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Hotel Jobs in tough times

 
There are still great opportunities available in the market place despite the global downturn. HGR managing director Jeff Ross gives advice to jobseekers to maximise their full potential

There is considerable coverage globally and in the Middle East about the pressures that the global recession is placing upon (hospitality) organisations generally, but what is the impact of this downturn specifically upon the hospitality job seeker at this moment in time?

The obvious observation is that times are tough. That is to say competition from other job seekers is now considerably stiffer and of course there are currently fewer jobs on the market. Matters are unlikely to improve significantly over the next couple of months realistically.

Certain Middle Eastern employers are already taking the opportunity to capitalise upon this status quo. A leading Swiss hotel school contacted me this week to ask if I felt it was fair that certain employers had changed their employment agreements for their student placements and that they were now only willing to accept candidates who work on a voluntary (i.e. zero remuneration) basis. I agreed that I did not think this was ethical.

Another example was evident at a more senior level where a candidate had been offered a position in December 2008 in the UAE and was then offered the same position again in January 2009 with 60% of the salary for the same role and contract. It is sad to see such practices and let us hope that certain destinations do not use the opportunity to devalue their (already low) salary scales across the board.

�Keeping one�s head down� is a phrase we are hearing a lot from hospitality managers and it seems the whole industry is playing something of a waiting game while we see how the employment and market situation moves forward � and how long it takes to do so.

Thinking more positively, I am often asked to provide some ideas on what job seekers can do to maximise their employability during these difficult economic times:


Stay put: not unsound advice by any means and clearly it is not a good time to be looking at leaving an employer for a new one, unless absolutely necessary. The majority of the redundancies that have been seen recently relate to candidates that have been in a role/company for a relatively short period of time. The grass is not necessarily greener on the other side.

Minimise gaps on your CV: if you do find yourself in a situation of unemployment, the challenge is to find another role quickly so that you do not end up with a significant gap on your CV, without merely jumping into the first role that you see or can obtain. This is no easy task. Hospitality employers are notoriously fickle about understanding employment gaps, and it is certainly something of which to be very aware.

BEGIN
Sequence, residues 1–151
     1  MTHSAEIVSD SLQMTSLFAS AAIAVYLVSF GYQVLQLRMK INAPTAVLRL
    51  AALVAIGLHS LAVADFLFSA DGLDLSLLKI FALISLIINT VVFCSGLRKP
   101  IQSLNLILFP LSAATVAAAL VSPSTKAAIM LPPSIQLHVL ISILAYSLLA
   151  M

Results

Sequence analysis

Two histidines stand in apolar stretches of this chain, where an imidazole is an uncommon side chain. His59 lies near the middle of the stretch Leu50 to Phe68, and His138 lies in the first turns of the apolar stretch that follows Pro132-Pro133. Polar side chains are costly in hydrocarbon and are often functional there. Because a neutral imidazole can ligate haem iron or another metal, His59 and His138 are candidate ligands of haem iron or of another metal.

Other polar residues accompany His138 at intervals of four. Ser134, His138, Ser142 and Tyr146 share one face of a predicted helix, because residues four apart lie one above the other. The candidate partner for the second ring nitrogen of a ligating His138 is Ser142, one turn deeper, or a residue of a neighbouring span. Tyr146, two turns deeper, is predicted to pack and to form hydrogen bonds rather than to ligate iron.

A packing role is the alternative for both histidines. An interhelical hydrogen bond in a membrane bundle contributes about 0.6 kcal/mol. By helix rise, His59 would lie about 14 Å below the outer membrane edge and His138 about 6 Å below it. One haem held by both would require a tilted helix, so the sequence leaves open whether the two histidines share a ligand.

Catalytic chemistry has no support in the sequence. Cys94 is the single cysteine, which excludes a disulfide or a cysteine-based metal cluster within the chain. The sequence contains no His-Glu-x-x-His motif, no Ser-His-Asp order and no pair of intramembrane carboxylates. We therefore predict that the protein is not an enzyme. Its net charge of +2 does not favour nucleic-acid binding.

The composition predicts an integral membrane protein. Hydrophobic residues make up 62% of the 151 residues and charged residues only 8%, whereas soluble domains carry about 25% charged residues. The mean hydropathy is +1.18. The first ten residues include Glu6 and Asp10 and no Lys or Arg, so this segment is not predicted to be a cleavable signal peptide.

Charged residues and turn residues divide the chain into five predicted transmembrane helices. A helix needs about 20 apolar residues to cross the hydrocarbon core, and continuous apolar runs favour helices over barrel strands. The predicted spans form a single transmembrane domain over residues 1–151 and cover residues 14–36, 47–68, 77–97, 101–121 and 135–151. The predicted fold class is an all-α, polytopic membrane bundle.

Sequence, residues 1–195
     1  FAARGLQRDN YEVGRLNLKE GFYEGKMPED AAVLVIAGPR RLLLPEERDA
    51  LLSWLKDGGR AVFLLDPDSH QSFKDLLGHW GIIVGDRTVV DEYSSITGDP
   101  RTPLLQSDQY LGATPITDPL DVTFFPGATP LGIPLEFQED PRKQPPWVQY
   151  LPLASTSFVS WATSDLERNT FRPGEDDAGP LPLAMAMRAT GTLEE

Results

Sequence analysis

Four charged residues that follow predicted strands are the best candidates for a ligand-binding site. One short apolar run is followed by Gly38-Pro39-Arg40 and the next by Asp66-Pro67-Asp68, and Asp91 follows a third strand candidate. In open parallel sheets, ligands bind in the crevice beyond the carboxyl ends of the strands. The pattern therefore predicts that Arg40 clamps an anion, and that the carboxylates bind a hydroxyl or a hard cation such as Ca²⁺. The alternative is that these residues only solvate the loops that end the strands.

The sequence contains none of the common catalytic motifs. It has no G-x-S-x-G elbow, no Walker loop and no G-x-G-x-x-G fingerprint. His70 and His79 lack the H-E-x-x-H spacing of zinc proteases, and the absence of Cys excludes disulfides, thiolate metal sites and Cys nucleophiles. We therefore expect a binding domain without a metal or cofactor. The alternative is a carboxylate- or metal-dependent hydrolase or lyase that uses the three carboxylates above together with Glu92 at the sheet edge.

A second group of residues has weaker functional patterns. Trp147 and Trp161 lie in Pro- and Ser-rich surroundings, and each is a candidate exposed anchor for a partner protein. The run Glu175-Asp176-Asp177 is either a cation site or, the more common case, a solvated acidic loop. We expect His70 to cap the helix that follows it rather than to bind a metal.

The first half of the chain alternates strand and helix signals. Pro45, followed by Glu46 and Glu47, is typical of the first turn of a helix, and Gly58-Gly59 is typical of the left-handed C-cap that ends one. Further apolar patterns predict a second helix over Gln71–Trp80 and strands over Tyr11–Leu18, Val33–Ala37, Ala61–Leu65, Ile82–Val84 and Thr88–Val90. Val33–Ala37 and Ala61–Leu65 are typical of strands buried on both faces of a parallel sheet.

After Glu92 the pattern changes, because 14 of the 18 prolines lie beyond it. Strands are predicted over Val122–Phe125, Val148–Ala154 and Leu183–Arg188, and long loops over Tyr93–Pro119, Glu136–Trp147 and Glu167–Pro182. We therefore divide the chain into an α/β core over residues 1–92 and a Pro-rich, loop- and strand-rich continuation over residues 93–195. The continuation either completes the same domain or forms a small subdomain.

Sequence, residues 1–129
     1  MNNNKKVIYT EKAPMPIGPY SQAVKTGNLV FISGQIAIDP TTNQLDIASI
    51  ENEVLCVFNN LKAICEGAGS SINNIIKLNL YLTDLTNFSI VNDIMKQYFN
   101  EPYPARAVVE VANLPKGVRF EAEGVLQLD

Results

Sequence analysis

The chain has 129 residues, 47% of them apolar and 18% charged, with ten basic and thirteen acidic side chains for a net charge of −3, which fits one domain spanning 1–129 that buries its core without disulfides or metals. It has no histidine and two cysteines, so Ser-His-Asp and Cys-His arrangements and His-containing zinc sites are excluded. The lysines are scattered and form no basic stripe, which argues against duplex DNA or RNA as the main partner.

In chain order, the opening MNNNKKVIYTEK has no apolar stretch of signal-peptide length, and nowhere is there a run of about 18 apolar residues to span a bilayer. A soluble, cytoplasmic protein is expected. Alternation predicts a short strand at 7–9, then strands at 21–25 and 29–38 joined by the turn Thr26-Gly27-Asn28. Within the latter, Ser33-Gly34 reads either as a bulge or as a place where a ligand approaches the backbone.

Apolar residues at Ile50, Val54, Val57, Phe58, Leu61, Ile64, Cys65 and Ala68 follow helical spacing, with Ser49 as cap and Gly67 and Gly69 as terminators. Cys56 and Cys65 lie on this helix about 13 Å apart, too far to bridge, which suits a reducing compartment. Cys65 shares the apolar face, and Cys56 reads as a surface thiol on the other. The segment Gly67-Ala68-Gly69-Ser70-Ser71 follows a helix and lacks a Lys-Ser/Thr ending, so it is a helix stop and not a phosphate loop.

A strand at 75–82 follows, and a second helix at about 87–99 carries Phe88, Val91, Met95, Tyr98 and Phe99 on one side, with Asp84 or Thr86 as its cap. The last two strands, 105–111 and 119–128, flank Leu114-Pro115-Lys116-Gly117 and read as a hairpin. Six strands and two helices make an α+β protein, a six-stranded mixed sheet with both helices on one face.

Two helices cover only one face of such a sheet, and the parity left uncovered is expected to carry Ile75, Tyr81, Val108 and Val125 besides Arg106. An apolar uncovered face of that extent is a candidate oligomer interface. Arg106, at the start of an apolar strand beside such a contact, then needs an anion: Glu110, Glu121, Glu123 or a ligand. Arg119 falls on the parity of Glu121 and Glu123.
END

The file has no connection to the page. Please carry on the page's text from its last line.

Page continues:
Critically analyse your CV: it sounds obvious, however I would say that approximately 50% of management and student/graduate CVs that we receive contain basic spelling and grammatical errors and are not presented in an appealing way.

It is another sad fact that the majority of hospitality employers do not and can not respond to all the applications they receive, so if one�s CV is not up to scratch then the chances of a response are unfortunately low. Within your CV, try to promote your successes and responsibilities in each (recent) role and do not be afraid to explain or justify an employment gap where appropriate. Take the time to tidy up your CV presentation and ask others that you trust to critically review it too.

Use a cover letter and cover email: again, very basic indeed, but you would be amazed how many candidates think it is appropriate to simply attach their CV to a blank email with no email text or cover letter attachment, using the email subject line as their only means of communication. Chances of response? Zero!

Fully research the employer: with so many new organisations and brands, it is vital to ensure that a prospective employer can offer you the right level of employment security, satisfaction and potential development. Easily compromised during difficult times, but don�t be tempted to do so.

Salary negotiation: try to be flexible on the total benefits package, to allow the employer some room for negotiation, but do not allow them to dictate a ridiculously low basic salary. This will only drive down salary scales in the region.




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